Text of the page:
Home Judge’s Opinions Hug a Price Gouger The public doesn't want to hear it, but the public also doesn't like empty shelves.

Hug a Price Gouger The public doesn't want to hear it, but the public also doesn't like empty shelves.

by Andrew P. Napolitano
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Wall Street Journal October 30, 2012  Hurricane Sandy not only confronted businesses with biblical helpings of wind and rain. Many had to ask themselves whether they wanted to be perceived as price gougers.

The choice, by and large, was not whether to play nice or whether to surrender to the urge of shameless profiteering. The choice was whether to confront customers with empty shelves or make it possible for everyone to find what he came for at a price.

At one New Jersey supermarket, shoppers barely paused for a public loudspeaker announcement urging them to buy only the provisions needed for a couple of days of suburban paralysis. None seemed to be deterred as they loaded their carts to the gunwales with enough canned tuna to last six weeks. A can of Bumblebee will keep for years: Shoppers take no risk in buying out a store's entire supply at the normal price.

What might have changed their behavior? Doubling the price would have given pillagers a reason to take only what was necessary. Did Shop-Rite double the price of tuna? Of course not. The store cares about its reputation with customers more than it cares about its customers.

Millions who live in the Northeast and endured Irene and last October's snowmageddon raced to their local hardware store for a portable generator. The store owner cares about his reputation with customers, so he didn't boost the price by 50% to curb demand—with the result that some people walked out with two or three because, what the heck, better safe than sorry, and anyway an extra generator can be unloaded on Craigslist for twice the retail price.

Gas stations post the most visible price in the economy, and are target No. 1 for politicians looking for innocent entrepreneurs to scapegoat. One Florida station owner during Katrina told investigators the universal truth of all gas station owners: He raised prices because he had "too many customers" and was running out of fuel. For his honesty and good sense, he was slapped with the state of Florida's first gouging subpoena.

On Bloomberg TV, a reporter taxed the chief of Generac Power Systems, a maker of portable generators, about whether he was profiteering off this week's apocalypse. "No, we don't raise prices at all. We make sure our distribution partners aren't doing that at all." He quickly changed the subject to the unwisdom of people waiting until a storm hits to buy what everyone else is trying to buy at the same time.

What if the price of generators were allowed to reflect supply and demand in a weather emergency? Standard rhetoric might have you believe only the rich would buy generators. Really? Generators would sort themselves according to the socioeconomic status of the would-be customers? Or would they go home with those who value them most, while other shoppers would think twice about whether they really need one?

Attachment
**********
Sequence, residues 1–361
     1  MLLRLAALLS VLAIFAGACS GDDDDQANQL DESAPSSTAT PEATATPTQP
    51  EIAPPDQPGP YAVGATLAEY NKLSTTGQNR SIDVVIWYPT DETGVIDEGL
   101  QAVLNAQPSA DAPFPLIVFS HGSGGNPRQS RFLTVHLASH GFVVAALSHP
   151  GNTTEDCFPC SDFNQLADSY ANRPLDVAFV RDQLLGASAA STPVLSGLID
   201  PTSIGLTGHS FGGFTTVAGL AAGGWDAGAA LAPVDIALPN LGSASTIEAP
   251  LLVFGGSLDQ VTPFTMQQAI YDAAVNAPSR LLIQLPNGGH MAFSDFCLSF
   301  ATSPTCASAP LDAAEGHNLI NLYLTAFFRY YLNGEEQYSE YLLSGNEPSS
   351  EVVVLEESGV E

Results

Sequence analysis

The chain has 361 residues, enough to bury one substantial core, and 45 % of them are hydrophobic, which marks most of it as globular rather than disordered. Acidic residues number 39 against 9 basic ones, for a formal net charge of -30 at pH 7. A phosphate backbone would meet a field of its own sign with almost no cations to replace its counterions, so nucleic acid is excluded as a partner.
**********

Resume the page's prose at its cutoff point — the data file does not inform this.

We're not about to bleat, "Let the market decide." A teensy, realistic hope, though, would be that politicians and the public might pause before assuming that political intervention is always preferable to a market solution. Then again, what are we smoking?

Gov. Chris Christie, a straight-talk hero in some respects, gave cavernous voice to the accepted political wisdom. Mr. Christie might even know better, but neither public understanding nor his political fortunes would be enhanced by his going against the prevailing winds on gouging. He'd just be consigned to the political outer darkness never to be seen again.

Instead he went to town on gougers: "During emergencies, New Jerseyans should look out for each other—not seek to take advantage of each other. The State Division of Consumer Affairs will look closely at any and all complaints about alleged price gouging. Anyone found to have violated the law will face significant penalties."

That law, by the way, prohibits price hikes of more than 10% during or within 30 days of a declared emergency. Yes, the law allows some accommodation when a retailer's own costs go up. But the retailer better have receipts to prove it.

This is a law for a world without Sandys. In the aftermath of this week's storm, how long before the Northeast's refiners and fuel distributors are back in action? Gasoline may well be in short supply for days or weeks. Nothing would be as therapeutic to the public interest as letting retail prices rise to $5 or $6 or whatever might help motorists make better decisions about whether to fill up or not.

Crackdowns on gouging are plausible only because the advantages of not prosecuting price gougers belong to the category of the unseen—the public can't see the supplies that would be available but for price-gouging laws. A good statewide New Jersey gasoline panic might correct that myopia, at least for a while.

A version of this article appeared October 31, 2012, on page A13 in the U.S. edition of The Wall Street Journal, with the headline: Hug a Price Gouger.

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